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Sermon preached at All Saints Church in Pasadena on Sunday, July 9, 2017 by guest preacher Norma Guerra from Church of the Messiah, Santa Ana.

May the words of my mouth and the meditations of our hearts be aligned with your love, O God, our strength, our courage, and our freedom. Amen.

Good morning All Saints! It is wonderful to be here with you and what an honor to be preaching from this pulpit. My heart rejoices and my soul is dancing to God’s tune, as I am standing here, which is by the way one of the messages I hear from our Gospel this morning, dancing to God’s tune.

Let’s hear the beginning of the passage again, “What comparison can I make with this generation? They are like children shouting to others as they sit in the marketplace, ‘We piped you a tune, but you would not dance. We sang you a dirge, but you would not mourn.’” Apparently, Jesus is lamenting that they are unable, both as individuals and as a society to recognize God’s tune. It was true then and it is true now. It seems to me that lately we have been dancing or attempting to dance to our own tunes. Have you danced with a partner that won’t allow you to lead or who is trying to lead but doesn’t have the rhythm or a clue on how to do it? One pulls from one side and the other goes to the other, and inevitable you end up stepping on each other’s foot. It is not graceful and it can be painful.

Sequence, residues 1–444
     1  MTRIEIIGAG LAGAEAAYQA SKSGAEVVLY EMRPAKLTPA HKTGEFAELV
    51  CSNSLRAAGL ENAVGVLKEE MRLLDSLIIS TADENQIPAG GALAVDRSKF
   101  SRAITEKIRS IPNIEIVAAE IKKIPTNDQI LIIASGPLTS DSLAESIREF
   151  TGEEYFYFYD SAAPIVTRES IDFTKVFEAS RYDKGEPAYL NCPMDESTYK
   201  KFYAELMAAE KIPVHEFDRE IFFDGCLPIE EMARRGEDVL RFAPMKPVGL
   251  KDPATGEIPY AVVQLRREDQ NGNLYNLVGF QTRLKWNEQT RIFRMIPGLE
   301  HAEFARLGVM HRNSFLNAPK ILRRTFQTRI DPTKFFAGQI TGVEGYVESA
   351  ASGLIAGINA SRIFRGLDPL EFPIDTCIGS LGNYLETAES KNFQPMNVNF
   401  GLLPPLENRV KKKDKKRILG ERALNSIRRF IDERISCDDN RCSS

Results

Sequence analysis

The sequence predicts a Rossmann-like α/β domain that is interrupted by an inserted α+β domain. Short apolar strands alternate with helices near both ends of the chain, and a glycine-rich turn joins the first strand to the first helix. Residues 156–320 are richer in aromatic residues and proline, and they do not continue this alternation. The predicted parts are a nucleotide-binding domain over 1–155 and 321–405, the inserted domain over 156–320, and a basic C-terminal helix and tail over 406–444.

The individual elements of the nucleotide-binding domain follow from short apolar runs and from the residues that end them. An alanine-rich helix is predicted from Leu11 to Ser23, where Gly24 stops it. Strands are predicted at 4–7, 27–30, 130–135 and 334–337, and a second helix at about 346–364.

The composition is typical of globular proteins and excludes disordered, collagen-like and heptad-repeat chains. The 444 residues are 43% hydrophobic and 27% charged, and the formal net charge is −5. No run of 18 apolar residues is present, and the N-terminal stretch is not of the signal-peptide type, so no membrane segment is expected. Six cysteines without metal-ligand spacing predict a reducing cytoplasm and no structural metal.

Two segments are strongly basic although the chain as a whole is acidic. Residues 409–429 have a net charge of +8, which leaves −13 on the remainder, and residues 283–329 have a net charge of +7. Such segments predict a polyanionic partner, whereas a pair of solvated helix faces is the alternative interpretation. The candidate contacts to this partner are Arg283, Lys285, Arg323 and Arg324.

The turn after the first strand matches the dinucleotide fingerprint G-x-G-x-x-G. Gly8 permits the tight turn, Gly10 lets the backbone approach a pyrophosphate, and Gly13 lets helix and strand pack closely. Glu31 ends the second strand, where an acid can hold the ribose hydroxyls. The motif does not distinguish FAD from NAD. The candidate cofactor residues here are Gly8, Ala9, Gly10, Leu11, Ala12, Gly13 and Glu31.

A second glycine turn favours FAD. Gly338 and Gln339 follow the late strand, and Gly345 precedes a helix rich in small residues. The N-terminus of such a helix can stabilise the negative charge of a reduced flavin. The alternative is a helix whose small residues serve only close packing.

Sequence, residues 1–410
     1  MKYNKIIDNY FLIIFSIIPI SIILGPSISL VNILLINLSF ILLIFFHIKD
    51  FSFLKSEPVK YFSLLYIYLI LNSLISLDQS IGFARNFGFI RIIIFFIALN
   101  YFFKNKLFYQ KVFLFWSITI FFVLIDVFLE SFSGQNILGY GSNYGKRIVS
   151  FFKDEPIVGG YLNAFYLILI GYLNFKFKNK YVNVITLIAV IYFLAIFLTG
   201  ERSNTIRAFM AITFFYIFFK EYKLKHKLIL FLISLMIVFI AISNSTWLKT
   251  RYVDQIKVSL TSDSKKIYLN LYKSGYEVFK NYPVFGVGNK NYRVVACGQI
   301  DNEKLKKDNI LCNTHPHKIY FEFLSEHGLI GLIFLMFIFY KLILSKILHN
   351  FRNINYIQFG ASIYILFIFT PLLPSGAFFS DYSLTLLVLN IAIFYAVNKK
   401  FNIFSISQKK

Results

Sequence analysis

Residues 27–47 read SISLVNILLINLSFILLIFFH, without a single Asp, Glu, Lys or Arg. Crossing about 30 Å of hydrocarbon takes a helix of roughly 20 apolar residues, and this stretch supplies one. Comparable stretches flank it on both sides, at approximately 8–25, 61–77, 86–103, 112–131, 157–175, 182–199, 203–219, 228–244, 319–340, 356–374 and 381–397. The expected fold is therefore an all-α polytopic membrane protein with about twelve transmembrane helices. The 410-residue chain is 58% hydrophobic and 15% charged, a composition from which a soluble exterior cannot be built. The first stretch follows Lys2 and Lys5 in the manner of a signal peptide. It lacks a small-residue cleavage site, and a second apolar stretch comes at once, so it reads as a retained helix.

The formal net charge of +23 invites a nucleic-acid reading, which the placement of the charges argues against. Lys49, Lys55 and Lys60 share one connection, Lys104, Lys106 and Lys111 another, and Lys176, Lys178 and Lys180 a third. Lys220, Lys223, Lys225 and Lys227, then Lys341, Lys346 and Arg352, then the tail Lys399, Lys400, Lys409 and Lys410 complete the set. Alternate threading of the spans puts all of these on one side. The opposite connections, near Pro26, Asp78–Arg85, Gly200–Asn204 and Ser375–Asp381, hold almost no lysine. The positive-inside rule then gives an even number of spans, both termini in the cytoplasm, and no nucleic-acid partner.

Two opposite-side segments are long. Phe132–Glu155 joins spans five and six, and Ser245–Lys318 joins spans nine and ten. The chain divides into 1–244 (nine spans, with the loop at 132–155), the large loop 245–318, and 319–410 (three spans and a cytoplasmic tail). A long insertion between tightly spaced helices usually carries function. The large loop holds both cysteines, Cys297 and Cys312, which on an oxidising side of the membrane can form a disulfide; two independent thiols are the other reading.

I believe this applies to our present political situation, where dancing to God’s tune of justice, liberty, equality and peace for all seems to be more difficult than ever. It seems that we as a society are unable to recognize what is worth celebrating and what is worth weeping over, we are becoming numb and unable to hear the loving rhythm of the divine. We are not partners with each other in the dance floor. Perhaps this has been always our struggle as human beings but it seems that lately the struggle has become more evident and more painful to watch.